The Ohio Peace Officers Training Academy reported 1,917 people enrolled in the required basic training course in 2016, down nearly 500 people from two years earlier. With recent high profile police shooting incidents locally and across the country, Jeff Travers, director of public safety programs at Butler Tech, said the decline is no surprise.
“Part of it is you look at the Ray Tensing thing, good, bad or ugly, whatever happens, happens,” said Travers, referencing the former University of Cincinnati police officer who shot and killed Sam DuBose during a traffic stop in 2015. Authorities charged Tensing with murder and voluntary manslaughter in DuBose’s death. Two juries, however, were unable to reach a unanimous verdict, prompting a judge to declare two mistrials in the case before the charges were ultimately dropped.
“A lot of kids today are like ‘I don’t want to do that.’ You’re scrutinized for everything,” he said.
Tremain is the only full-time person on the 24/7 police force and with added full-timers he said they can put more patrols on the street during peak times on the weekend — Friday and Saturday nights — and add a second school resource officer.
Ross Twp. Administrator Bob Bass said the problem becomes even more troubling when you are running a part-time-only operation, because they train the part-timers and then those recruits are snapped up by full-time departments with benefits.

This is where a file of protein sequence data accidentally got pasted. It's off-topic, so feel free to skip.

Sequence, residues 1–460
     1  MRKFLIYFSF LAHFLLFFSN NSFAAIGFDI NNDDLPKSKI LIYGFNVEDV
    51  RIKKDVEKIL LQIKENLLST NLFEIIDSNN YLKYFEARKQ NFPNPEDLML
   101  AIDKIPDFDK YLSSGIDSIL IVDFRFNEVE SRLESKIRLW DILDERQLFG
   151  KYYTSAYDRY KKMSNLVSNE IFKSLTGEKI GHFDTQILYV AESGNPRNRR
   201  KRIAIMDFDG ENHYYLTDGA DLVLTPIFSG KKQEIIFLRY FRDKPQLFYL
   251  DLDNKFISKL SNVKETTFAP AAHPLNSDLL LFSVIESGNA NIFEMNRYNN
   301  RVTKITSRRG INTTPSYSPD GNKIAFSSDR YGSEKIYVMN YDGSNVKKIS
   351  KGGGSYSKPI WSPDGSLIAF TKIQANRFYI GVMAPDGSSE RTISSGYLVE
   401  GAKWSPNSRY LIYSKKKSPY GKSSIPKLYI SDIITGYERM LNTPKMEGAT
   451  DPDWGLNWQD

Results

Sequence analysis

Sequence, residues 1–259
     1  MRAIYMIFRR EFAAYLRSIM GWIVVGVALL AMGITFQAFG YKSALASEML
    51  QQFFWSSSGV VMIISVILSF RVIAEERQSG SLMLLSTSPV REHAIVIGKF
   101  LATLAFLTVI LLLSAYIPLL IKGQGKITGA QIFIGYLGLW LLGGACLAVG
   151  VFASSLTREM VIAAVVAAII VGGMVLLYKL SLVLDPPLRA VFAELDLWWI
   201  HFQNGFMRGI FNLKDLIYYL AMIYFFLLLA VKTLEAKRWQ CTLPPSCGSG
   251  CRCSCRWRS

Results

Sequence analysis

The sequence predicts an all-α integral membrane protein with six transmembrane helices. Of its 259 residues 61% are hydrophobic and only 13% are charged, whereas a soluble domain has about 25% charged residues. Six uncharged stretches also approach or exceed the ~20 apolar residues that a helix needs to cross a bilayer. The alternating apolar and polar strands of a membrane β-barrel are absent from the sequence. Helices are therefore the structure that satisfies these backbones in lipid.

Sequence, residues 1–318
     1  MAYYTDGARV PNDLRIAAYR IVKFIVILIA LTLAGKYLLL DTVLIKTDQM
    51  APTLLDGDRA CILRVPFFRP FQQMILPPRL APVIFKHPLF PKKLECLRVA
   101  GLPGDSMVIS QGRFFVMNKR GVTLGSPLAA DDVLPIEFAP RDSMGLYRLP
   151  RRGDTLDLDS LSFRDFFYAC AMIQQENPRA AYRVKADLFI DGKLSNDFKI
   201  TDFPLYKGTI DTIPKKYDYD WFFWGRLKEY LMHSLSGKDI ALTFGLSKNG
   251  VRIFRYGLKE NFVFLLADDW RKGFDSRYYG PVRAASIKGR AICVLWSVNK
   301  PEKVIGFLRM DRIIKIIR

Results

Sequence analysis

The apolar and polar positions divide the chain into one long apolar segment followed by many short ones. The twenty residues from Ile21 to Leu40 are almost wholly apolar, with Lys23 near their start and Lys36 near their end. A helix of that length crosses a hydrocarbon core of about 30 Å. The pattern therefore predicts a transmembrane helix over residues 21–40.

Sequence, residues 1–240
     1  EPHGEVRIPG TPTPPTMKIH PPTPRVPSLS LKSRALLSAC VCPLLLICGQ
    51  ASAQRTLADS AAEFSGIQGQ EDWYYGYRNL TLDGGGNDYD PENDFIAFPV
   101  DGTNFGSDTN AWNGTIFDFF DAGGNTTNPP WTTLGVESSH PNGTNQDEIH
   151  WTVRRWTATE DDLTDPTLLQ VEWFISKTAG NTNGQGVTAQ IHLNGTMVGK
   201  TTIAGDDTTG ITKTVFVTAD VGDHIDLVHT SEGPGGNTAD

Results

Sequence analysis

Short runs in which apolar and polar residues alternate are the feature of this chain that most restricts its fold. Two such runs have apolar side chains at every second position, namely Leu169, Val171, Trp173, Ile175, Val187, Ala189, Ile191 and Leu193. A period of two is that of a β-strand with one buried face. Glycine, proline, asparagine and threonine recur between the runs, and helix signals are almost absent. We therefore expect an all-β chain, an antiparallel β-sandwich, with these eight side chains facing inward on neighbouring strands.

“So effectively we’re caught in a process where we’re essentially hiring and training what turns out to be somebody else’s full-time employee,” Bass said.
The trustees have been mulling when and how much of a levy to ask voters to approve for about a year now. Newcomer Keith Ballauer, who was elected earlier this month, said he voted against the more expensive measure primarily because he heard people — perhaps 25 or fewer residents — worried about tax increases on the campaign trail.
He said he fully supported a renewal but “everybody is always concerned about their tax rate on their property.”
He also said he doesn’t see the need to beef up the full-time staff because part-timers are just as dedicated.
“In all honesty with this — and it’s not much, it’s one mill — we’re not promising the residents of Ross Twp. very much more than they are already receiving,” he said. “I hate to sound like the bad guy but it’s what I see.”
If voters turn down this levy request there will be no more dedicated funds for police services because the existing levy expires at the end of the year. Tremain said they haven’t made any decisions if that happenstance comes true. The Butler County Sheriff’s Department could take over with a “skeleton crew” but with the township growing “we need more than that here.”
Bass said dipping into the general fund for police operations isn’t the answer.
“You could use it, but we have always at Ross Twp. tried to run the departments self-sufficiently,” Bass said. “Because general fund money can only be used in and for any department and for emergencies, using it for day-to-day operations is a dangerous precedent to set.”
Trustee Ellen Yordy said she believes township residents will support the levy and she and her fellow trustees and staff are always available to answer questions. They also plan to hold several meetings to discuss the levy.
“We need to protect the people and I think they expect that from us,” she said. “I don’t know if they realize what we do, but we do a lot. I think we’ve got one of the best police departments in the area.”
Julie Joyce-Smith, manager of the Butler County Auditor’s Real Estate Division, said because the levy request hasn’t been certified yet they can’t estimate what the increase might be, but the average homeowner in the township, with a home valued at $194,090, currently pays $166 for police services.
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ROSS TWP. POLICE CALLS FOR SERVICE
Source: Ross Twp. Police Department